Meditation of Archbishop Pizzaballa: The Baptism of Jesus, Year C

Published: January 08 Sat, 2022

Meditation of Archbishop Pizzaballa: The Baptism of Jesus, Year C, 2022 Available in the following languages:

January 9, 2022

The Baptism of Jesus, Year C

The Gospel of Luke does not insist much on the Baptism of Jesus (only an aside), but emphasizes the investiture of Jesus with the descent of the Holy Spirit and the declaration of Jesus as Son of God, who will then be confirmed by the following passage, with the genealogy that presents Him as son of David and of Abraham, but which reaches as far as Adam and then God Creator. Jesus, in Luke’s Gospel, is from the outset in solidarity with all humanity.

The first part of today’s Gospel (Lk 3:15-26, 21-22), once again, presents John the Baptist, who is preparing the people for the coming of the Messiah, who is another and not he, as the people tended to believe (v.15). But the Jesus Himself needs to prepare for the mission entrusted to Him by the Father, and Luke, in today’s text, presents the divine vocation of Jesus, His investiture through the Holy Spirit, His status as Son of God, His solidarity with God’s plan. Despite this solemn investiture by God Himself, the Son of God needs, in any case, to discern the Father’s Will and submit to it, to remain in right relationship with Him.

Besides, in the Old Testament, we have an example of how to stand before God. In the book of Genesis, which Paul will take up again in the Letter to the Romans (Rm 4:3), it states that when God again promises a descendant to Abraham, Abraham “believed the Lord, who credited it to him as righteousness|” (Gen 15:6). It means that God deems the faith of Abraham as the right way of being in a relationship with Him; God declared good this way of being before Him, the way of faith, of those who entrust themselves to Him in the impossibility of their strength.

Abraham does not trust himself; does not trust in his own abilities, his own observance, his own loyalty; he trusts God, and this pleases the Lord, He is delighted by this.

Which is why Abraham becomes a model of believing for all generations, he becomes the father of faith, precisely for having found that way of standing before God that pleases God.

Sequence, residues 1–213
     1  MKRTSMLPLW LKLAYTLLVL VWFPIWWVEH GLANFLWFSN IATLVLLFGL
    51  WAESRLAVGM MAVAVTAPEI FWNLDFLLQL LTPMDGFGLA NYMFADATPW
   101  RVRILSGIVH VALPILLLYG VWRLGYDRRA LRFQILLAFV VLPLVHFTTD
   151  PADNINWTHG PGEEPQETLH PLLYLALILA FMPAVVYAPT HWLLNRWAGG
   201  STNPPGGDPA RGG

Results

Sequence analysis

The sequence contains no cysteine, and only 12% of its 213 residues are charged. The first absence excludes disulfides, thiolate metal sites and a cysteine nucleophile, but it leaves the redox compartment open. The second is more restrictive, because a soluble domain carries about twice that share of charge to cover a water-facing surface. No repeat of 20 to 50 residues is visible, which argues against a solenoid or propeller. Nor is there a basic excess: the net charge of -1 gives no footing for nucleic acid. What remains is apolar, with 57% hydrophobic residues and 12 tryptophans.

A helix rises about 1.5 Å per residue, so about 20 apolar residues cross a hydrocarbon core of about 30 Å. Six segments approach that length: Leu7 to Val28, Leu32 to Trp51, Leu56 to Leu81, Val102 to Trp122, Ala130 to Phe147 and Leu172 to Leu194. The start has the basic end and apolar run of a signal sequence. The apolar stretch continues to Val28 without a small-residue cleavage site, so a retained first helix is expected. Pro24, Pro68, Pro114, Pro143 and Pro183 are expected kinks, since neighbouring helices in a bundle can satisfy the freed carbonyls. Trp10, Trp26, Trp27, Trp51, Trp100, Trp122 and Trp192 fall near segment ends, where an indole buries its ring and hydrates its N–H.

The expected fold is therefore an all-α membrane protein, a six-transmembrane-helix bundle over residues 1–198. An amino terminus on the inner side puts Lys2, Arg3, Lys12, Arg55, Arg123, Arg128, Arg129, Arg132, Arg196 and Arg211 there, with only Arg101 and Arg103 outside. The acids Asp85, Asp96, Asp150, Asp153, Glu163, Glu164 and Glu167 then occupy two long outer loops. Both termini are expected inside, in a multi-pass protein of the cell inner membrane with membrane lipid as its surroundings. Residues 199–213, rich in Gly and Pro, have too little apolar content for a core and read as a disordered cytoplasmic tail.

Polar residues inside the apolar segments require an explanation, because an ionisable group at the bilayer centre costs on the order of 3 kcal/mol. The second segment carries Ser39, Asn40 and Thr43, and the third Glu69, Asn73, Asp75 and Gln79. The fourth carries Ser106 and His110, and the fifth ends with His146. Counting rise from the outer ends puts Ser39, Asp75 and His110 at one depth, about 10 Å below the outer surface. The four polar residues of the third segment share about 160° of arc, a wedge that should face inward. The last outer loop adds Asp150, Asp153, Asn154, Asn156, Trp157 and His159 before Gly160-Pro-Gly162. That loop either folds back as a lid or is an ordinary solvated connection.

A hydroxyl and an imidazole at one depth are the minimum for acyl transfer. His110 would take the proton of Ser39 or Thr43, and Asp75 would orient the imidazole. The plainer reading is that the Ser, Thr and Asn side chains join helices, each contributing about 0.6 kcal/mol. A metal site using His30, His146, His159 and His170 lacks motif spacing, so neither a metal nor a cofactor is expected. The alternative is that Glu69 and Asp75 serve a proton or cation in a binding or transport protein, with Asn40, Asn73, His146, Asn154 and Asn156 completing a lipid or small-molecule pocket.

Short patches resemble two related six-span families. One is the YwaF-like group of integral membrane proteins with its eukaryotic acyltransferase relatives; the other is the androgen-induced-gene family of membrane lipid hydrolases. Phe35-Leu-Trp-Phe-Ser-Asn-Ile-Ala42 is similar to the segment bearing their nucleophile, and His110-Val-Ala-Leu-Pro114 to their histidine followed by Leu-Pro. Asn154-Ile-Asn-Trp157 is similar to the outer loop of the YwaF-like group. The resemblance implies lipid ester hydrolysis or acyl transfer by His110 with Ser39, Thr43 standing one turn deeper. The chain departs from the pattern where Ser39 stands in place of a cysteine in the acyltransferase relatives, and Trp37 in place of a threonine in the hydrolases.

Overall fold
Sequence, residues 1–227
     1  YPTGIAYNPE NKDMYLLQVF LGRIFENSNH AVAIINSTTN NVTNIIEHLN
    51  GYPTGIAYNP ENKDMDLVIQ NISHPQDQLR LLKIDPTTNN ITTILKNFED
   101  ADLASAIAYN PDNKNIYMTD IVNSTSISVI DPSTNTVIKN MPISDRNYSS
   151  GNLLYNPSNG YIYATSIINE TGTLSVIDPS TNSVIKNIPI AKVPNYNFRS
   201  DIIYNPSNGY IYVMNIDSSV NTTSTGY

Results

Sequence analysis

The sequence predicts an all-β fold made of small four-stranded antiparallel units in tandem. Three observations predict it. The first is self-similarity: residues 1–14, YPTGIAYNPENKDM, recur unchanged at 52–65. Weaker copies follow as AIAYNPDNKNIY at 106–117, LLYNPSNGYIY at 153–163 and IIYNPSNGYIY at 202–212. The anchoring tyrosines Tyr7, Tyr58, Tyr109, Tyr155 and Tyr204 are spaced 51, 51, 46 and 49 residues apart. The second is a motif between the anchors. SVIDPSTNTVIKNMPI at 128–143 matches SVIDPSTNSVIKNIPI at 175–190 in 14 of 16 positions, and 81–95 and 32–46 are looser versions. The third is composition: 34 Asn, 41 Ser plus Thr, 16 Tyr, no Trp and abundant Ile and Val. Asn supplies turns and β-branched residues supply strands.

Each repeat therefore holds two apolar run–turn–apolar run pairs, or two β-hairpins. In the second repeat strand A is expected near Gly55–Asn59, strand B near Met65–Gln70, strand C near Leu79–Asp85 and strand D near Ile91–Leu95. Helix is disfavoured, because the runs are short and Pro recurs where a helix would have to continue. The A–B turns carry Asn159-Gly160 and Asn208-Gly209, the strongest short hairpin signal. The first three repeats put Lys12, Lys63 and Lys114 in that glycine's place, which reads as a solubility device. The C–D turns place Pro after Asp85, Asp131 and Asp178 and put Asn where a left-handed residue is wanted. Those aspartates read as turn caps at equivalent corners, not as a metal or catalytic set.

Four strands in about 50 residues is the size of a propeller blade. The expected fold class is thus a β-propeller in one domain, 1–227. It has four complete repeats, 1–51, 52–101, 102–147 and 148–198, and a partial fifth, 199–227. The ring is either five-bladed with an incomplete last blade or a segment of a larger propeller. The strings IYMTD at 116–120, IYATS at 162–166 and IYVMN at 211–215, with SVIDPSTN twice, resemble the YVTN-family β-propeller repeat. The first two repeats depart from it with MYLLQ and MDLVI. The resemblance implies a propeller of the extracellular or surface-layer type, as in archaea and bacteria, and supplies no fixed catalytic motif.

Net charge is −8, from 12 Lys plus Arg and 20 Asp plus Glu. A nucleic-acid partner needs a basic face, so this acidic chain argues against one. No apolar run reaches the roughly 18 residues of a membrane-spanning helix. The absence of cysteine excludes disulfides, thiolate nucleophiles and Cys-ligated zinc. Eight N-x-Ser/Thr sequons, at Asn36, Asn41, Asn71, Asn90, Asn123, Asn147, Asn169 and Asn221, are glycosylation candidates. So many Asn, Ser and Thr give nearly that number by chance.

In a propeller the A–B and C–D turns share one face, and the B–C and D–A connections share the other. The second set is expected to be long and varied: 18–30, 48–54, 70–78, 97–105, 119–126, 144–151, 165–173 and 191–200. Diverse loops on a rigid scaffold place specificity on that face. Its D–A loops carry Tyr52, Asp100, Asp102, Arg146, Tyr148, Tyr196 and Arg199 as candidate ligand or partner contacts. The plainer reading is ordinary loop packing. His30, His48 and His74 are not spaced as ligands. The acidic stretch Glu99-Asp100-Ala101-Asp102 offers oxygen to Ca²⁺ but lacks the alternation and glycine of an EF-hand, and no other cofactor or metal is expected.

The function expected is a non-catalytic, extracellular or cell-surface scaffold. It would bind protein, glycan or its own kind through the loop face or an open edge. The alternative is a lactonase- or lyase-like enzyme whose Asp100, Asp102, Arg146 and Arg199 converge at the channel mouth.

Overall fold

Jesus, also, at the beginning of His public life, chose in which way to live His belonging to the Father, that of being a man in the midst of ordinary men and who, even though not being a sinner, He stood in line with sinners to receive the baptism of repentance of the Baptist. He chose to remain faithful to the Incarnation, to stay within this style: of being wholly God in this being merely a man. The baptism is Jesus’ choice of being a powerful man, robust, rich but, like every other simple man, in need of salvation and life, a man who awaits life from God, and who therefore needs to pray (Lk 3:21), to keep himself always in an intimate relationship with Him.

This choice, as recounted in the Gospel of Luke, has two aspects.

The first, we have already mentioned, is that the fulness of the Spirit descends on Jesus (Lk 3:22), the fullness of divine life. The sky opens (Lk 3:21), and every separation is in some way overcome, even that between God and man. Divine life is not reserved to God, and it is not even set aside for any special characters. It is given to all and, in Jesus, it comes down on humanity which simply lives its vocation to be son; it is given to man who feels himself brother of other men. Humanity, then, can be despised no more, or considered far from God: it is the place where divinity spills over, expresses itself, fulfills itself.

The second is that the Father sees this choice of Jesus, and is pleased (Lk 3:22).

Just as He deemed the attitude of Abraham just, He also holds Jesus’ attitude just: in it He recognizes Himself, recognizes that Jesus “interprets” precisely His plan, His style.

Because God does not want to be a powerful God, extraordinary; He wants to be a God who loves, who gives life. He does not want to be a distant God that is disinterested in man. On the contrary, He is interested in the point of making the question of man His own question, His own life. Not from the outside, not by thought, but in His own flesh. For us, then, we just have to be amazed at this pleasure of God. He is pleased when we are in solidarity, brothers in common humanity; when we recognize in this humanity, wounded and redeemed, the greatest gift He has given us.

+Pierbattista Pizzaballa

Latin Patriarch of Jerusalem